By Joanna Fletcher
Flash is a fantastic program from Adobe that lets you produce graphics, animations, videos and games to introduce your Web page to visitors, yet most experts advise against a Flash intro. And no, they're not just killjoys with no vision. There are serious technical reasons to avoid the Flash introduction; add in some classic human behavior, and a Flash intro can actually drive away potential customers.
Adding a tiny “SKIP” button somewhere on the window does not help, as visitors do not want the bother of searching for it. On the Internet, almost no one can claim to have an exclusive market, and your top competitor's Web site is just a few clicks away. Anyone who has found you online should not be put off at the last minute by having to sit through what is essentially a commercial or vanity piece.
In this age of almost infinite choices, people react badly to forced viewing. Alienating visitors is not a great sales tactic, and you can say goodbye to conversions. Even when viewing the Flash piece is a choice on your homepage, ensure that your developer does not disable the “back” button.
Some people are using dial-up Internet connections or very old and slow computers. Other people are using state-of-the-art hardware, fast web hosting, and your Flash piece may seem slow. People process information at different rates, and what may feel like appropriate pacing to you on your system may be ridiculously slow to someone else, or vice versa.
No SEO Value
Text embedded in a Flash intro is ignored by many search engines. Although it is possible to program Flash for better SEO, finding a good Flash programmer on top of the latest techniques could be tough, and you will usually have to pay for any required updates. Having the flexibility to refocus your site as you develop your market is crucial, and far easier with a traditional HTML site.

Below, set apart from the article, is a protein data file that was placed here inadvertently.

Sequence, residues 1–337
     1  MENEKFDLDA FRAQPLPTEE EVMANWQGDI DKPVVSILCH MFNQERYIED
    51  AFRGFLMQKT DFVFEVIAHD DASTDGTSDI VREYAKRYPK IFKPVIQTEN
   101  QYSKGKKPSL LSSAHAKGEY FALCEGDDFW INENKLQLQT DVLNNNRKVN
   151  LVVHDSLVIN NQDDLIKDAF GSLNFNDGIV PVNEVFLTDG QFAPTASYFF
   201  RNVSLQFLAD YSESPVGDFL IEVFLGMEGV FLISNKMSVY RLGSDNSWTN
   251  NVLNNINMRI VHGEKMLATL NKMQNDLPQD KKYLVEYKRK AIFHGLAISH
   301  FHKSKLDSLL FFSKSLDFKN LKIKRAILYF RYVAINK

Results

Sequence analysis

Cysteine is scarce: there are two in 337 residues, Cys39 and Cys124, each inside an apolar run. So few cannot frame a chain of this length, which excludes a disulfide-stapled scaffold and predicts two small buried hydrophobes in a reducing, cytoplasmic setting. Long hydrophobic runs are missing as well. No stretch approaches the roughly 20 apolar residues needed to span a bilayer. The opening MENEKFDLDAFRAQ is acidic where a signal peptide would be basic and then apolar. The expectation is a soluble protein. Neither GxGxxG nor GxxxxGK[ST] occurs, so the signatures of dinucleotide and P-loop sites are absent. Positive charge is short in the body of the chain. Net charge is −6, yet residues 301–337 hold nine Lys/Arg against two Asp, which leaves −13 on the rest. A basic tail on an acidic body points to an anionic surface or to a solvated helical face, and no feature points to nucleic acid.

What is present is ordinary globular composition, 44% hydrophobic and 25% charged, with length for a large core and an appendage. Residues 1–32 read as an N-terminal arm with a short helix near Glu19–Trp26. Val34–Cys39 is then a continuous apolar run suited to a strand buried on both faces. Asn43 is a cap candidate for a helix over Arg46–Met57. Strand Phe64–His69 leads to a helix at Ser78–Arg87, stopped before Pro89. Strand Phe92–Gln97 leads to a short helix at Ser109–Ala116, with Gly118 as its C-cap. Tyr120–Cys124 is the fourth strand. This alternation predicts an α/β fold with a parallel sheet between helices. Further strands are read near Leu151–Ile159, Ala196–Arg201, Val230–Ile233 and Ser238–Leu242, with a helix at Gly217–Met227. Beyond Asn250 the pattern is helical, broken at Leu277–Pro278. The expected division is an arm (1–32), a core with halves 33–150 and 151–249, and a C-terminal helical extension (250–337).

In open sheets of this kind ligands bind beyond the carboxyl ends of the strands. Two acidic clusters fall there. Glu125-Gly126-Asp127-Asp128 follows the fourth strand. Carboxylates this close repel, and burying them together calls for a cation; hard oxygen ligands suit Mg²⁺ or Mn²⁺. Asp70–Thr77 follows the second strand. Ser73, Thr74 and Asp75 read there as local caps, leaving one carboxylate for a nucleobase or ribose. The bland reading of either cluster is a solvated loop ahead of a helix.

Those Web designers who spent two or more hard semesters learning to produce beautiful Flash content will strongly disagree with this perspective and may push you towards an impressively professional intro. They must keep in mind that there are only a few instances in which Flash intros may be advisable for today's Web-savvy consumers.
The highly Web-savvy have security concerns about Flash, as it basically provides a bridge between a customer's computer and the animation. In order to do this it must gather data from the customer, and create a marker like a cookie, without the customer's express permission. Those customers will click away rather than allow Flash into their computers.
Flash can produce movie-quality Web content and is commonly used to create online games; newer versions of the program can provide 3D content. Multimedia or Web-industry companies might feel confident assuming that anyone who visits their site is copacetic with the latest standards and technology. It is a risk few should take if they ever aspire to reach beyond their little tribe.
About the Author
Joanna Fletcher is a netizen who has lived, worked and played in virtual space for most of her life. Her entrepreneurial flair is topped only by her tolerance for failure.